In all probability, the changes taking place in Europe will have a profound impact on the way ocean carriers do business in the years ahead.
Of course, no one can predict exactly what the European economy will look like in 1992. While many people expect the European Community to achieve full economic integration, it is unrealistic to assume that one unified market—where goods, services, capital and labor flow unrestrained—will be created by the end of 1992. Policies are still being set, and the true shape the market and its full impact on the business world is largely unknown.
The exact timetable for Europe aside, we are clearly in a business environment that is taking on global dimensions. Europe is on its way to becoming a four trillion dollar market—that's four thousand billion— made up of 320 million consumers.
Europe's drive toward a single market is accelerating a move toward the creation of three global trading blocs—North America, Asia and Europe. Gross domestic product in the Common Market will soon rank with that of the U.S.; it is already larger than Japan's.
Some important steps have already been made as European countries prepare for life after 1992.
Many of the nearly 300 trade directives are being dismantled, eliminating cumbersome standards and regulatory procedures.
As we get closer to 1992, one significant development is the possible integration of 12 heterogeneous markets into one large market for goods and services. Companies around the globe will be looking at what could become the largest single customer base in the world.
We see a number of opportunities and some obstacles for American businesses. The unification of Europe should compel American businesspeople to look at the world as they never have before. After all, what we're seeing in Europe represents the first situation in decades where American companies will not play a leading role in a significant development in world trade. In the next five years, we expect that events in Europe will not have a dramatic impact on trade into and out of the U.S.
The changes in Europe should make it easier for firms to do business.
In fact, a U.S. government official recently said that American companies currently operating in Europe will not have to change much and that little, if any, additional investment will be required.
This might be true in some cases.
But part of the ground rules for doing business in Europe will change, forcing both European and foreign firms to change the way they do business.
It's likely that all traditional forms of distribution in Europe will be subject to change. The question is, "Will American companies be on the forefront of this change, or will they be on the outside reacting to the competitive moves of others?" American companies must stay on top of new transportation developments.
Logistics will become a powerful marketing tool. Foreign firms will no longer be able to survive unless they are constantly aware of both their customers' needs and what the competition is doing.
Not only must companies know their customers's needs, but they also must know the needs of their customers' customers' in order to fully understand the complete distribution cycle.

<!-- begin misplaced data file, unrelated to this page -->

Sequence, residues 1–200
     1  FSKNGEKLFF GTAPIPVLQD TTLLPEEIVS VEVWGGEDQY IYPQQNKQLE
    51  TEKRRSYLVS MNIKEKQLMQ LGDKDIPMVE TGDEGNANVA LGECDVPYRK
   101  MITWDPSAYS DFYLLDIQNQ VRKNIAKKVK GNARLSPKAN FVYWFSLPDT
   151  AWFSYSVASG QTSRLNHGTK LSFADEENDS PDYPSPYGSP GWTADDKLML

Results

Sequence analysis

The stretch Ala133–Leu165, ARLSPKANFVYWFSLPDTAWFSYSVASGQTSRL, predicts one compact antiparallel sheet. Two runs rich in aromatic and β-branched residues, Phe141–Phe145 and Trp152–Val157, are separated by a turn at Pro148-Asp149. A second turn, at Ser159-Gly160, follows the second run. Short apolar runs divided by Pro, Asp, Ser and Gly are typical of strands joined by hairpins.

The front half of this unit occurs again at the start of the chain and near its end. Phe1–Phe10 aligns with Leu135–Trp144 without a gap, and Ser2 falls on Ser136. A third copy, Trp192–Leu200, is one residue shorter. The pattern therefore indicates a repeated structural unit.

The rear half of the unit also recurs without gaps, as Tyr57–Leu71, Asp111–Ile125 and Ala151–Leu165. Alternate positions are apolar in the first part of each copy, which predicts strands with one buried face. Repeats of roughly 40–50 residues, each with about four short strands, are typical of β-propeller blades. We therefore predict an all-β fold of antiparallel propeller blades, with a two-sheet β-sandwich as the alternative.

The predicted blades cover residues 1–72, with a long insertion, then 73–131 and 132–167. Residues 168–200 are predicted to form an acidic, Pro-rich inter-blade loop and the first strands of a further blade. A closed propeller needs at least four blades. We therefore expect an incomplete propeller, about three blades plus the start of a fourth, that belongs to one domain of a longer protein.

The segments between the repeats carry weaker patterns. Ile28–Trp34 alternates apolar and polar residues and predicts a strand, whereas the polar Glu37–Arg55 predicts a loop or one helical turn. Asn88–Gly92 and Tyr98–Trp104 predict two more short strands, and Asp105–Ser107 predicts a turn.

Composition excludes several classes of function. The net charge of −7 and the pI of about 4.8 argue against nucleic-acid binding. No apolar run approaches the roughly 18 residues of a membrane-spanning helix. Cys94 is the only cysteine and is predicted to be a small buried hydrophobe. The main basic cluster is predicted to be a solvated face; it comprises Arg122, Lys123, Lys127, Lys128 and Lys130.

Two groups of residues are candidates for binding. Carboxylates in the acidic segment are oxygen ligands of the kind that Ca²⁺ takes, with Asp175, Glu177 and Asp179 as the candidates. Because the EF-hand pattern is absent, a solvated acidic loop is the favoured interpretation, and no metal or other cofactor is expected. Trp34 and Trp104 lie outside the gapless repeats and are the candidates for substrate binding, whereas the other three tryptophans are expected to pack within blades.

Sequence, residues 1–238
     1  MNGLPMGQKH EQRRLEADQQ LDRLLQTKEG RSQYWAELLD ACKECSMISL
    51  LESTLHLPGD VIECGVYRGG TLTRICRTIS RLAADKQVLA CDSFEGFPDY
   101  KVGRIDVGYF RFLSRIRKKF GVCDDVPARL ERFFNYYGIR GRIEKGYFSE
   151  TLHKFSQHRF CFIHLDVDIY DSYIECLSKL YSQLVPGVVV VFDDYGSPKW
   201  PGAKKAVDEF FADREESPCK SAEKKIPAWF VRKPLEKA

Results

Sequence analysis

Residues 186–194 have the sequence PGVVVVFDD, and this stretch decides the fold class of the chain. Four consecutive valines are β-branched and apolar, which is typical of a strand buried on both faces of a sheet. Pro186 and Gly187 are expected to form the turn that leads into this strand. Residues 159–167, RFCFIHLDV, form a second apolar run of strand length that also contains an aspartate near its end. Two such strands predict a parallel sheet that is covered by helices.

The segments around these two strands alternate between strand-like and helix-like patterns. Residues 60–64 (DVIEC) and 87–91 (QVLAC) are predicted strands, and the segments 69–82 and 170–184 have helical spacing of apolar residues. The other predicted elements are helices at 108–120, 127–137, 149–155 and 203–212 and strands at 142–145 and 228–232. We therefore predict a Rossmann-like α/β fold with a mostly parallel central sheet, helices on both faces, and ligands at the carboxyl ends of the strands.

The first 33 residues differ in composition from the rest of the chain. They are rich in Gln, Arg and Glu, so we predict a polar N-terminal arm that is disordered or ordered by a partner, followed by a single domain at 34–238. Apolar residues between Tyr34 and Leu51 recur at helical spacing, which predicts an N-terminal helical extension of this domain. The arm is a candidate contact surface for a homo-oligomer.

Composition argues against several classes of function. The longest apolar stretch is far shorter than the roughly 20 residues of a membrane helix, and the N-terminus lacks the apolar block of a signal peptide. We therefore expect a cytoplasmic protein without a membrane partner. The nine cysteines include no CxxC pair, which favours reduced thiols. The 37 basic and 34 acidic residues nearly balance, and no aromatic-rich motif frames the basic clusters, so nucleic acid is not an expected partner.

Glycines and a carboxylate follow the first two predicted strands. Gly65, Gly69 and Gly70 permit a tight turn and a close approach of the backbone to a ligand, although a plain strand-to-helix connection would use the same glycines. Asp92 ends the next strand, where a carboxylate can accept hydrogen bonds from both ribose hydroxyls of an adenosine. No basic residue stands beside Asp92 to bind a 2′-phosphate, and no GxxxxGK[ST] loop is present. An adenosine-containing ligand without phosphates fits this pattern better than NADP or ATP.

To succeed in Europe, American companies will have to adopt a new approach to doing business. This will not be an easy transition to make. Americans are used to thinking in terms of world trade evolving in the U.S. Now they have to start thinking about how to capitalize on trade opportunities revolving in Europe.
American businesses planning to expand in Europe must consider forming ventures with their European counterparts. These linkages may take the form of alliances, partnerships or acquisitions, or they may even be start-up companies.
We must figure out how to wed our strengths with those of European companies. American companies can bring to the table decades of experience in serving one large market. Europeans, on the other hand, can offer both local expertise, and in some cases, a different world perspective.
So real opportunities in world trade in the near term are going to take place in Europe. However, over the longer term, by 1994 or so, we expect to see greater demand for American products in Europe. Given the marketing experience of U.S.
firms, the unification of Europe's markets should work to our advantage.
After all, American companies have more experience than anyone in selling to one large market—our own. And it's easier than earmarking a message specifically for Dutch, French or Italian consumers. But again, we don't see this market growth beginning for three to five years.
We see a number of opportunities for exporters and carriers who wish to operate throughout Europe. One is increased intermodal traffic throughout the community as shippers find it easier to move their products farther inland. A second opportunity is for increased intra- European trade. This larger volume will invite more competition in each transport mode, as well as between modes.
In fact, Europe is already taking steps to facilitate the movement of goods around the community. Many observers believe that by 1992, a number of substantial improvements will be made in European transportation infrastructure.